CRF1 stress receptor triggers immune system release of histamine
This holiday season please keep in mind that scientists have confirmed that stress triggers the immune system into releasing histamine. So if we want to eat more of the stuff we love, best to figure out how to manage it stress, or make wiser choices as we navigate this tricky season. If you’d like some help eating well, there’s two free holiday ebooks with every purchase in my online store till Dec 31st.
A study published in the Journal of Leukocyte Biology has found that stress, through signalling of corticotropin-releasing factor, causes white blood cells to release histamine. Yes indeed, histamine is not only found in foods, but also in the body already. That’s why simply eliminating histamine from the diet isn’t going to do much for us.
The cells that release histamine are called mast cells, and they’re found all over the body. This is why those of us with histamine intolerance (and mast cell activation) can have dozens of rotating symptoms. Here’s a bunch of histamine intolerance symptoms.
CRF1 TRIGGERS MAST CELLS, CAUSES DISEASE
What’s new about this research is the finding that a particular receptor known as CRF1, which is expressed on mast cells, is a master regulator of mast cell activation and subsequent histamine release. Normal mice in their study who were exposed to stress suffered from stress related disease, while mice bred to be deficient in mast cell CRF1 experienced less disease and stress to their immune system.
In English now: stressful events cause immune cells to release inflammation into the blood stream. The problem is that nowadays stress is all around us, and might not be caused by an accident or trauma to the body that requires histamine and other inflammatory agents. And that’s the whole problem, most people believe that histamine is a bad thing. Having histamine floating around is only a problem if it’s not needed for healing (because it was triggered by stress), or if it was ingested from high histamine foods and the body wasn’t capable of degrading and flushing it out (either because we lack the DAO enzyme or our liver is compromised).
The researchers believe that understanding the role of CRF1 will help fight allergies, gastrointestinal disease and asthma in the coming years, but that this could offer new targets for stress relief.
“Dear Santa, all I want for Christmas is…”
HOW STRESS MAKES US SICK
Digestion is inhibited during stress, once it kickstarts again, we could experience a surge in digestive activity, which may trigger ulcers
Stress triggers mast cell CRF1 receptors, releasing histamine and causing allergy-like symptoms.
It can raise blood pressure, increase blood cholesterol levels (thanks to adrenaline and noradrenaline’s effect on fatty acids), and there is of course concern that the immune system will burn itself out constantly responding to stress cues and not be able to fight when we really need it.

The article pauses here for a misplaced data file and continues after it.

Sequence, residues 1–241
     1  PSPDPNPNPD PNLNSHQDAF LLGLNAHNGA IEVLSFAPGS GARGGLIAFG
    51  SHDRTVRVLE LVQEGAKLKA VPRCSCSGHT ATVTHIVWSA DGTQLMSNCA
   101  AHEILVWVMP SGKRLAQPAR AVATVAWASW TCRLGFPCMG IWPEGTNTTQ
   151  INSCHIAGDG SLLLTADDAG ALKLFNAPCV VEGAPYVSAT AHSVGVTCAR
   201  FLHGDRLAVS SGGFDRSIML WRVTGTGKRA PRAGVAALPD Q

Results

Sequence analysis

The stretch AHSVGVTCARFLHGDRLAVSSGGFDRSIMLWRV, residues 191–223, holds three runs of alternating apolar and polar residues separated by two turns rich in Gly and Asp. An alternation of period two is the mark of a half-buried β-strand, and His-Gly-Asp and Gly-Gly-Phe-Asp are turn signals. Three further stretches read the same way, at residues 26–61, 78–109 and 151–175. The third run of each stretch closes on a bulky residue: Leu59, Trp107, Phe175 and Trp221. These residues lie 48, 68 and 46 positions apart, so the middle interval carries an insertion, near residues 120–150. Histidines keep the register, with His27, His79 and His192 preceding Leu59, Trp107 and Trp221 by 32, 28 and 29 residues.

CRF1 ANTAGONISTS IN THE MAKING
The relationship between stress related mast cell CRF1 activation and immune system dysfunction (which includes histamine release), researchers are working hard on drugs that can interrupt CRF1 signalling. They think it’ll help prevent the ravages of stress on the body, as well as treat anxiety, depression and drug addiction.
Though the results have been mixed so far, antalarmin (got to love that name), has shown anti-inflammatory effects and may one day be useful in treating arthritis and stress induced gastric ulcers.
MANAGING CRF NATURALLY
Lifestyle: meditation, yoga, singing, regulating your sleep cycle, doing what you truly enjoy. I’ve found it also really helps to say no to things you know you don’t like doing, and of course, keeping really negative people at bay. This was hard to do when I was the negative one and literally couldn’t escape myself. That’s where brain retraining really helped me.
I cover all this and more in my free online workshop here. Diet: bioflavonoids like quercetin that prevent mast cell activation and histamine release are found in brightly coloured vegetables and fruits. Tea polyphenols can have the same effect as benzodiazepines (like Xanax) on the brain, and yes, there’s a histamine friendly way to enjoy tea. And the anti-inflammatory effects of olive oil, omega 3 fatty rich salmon (fine for histamine if you have it super fresh) make them a great choice. I cover all this and more in my free online workshop here.
———- REFERENCES ————
2010, Saul McLeod published. “Stress, Illness and the Immune System.” Simply Psychology, 1 Jan. 1970, www.simplypsychology.org/stress-immune.html.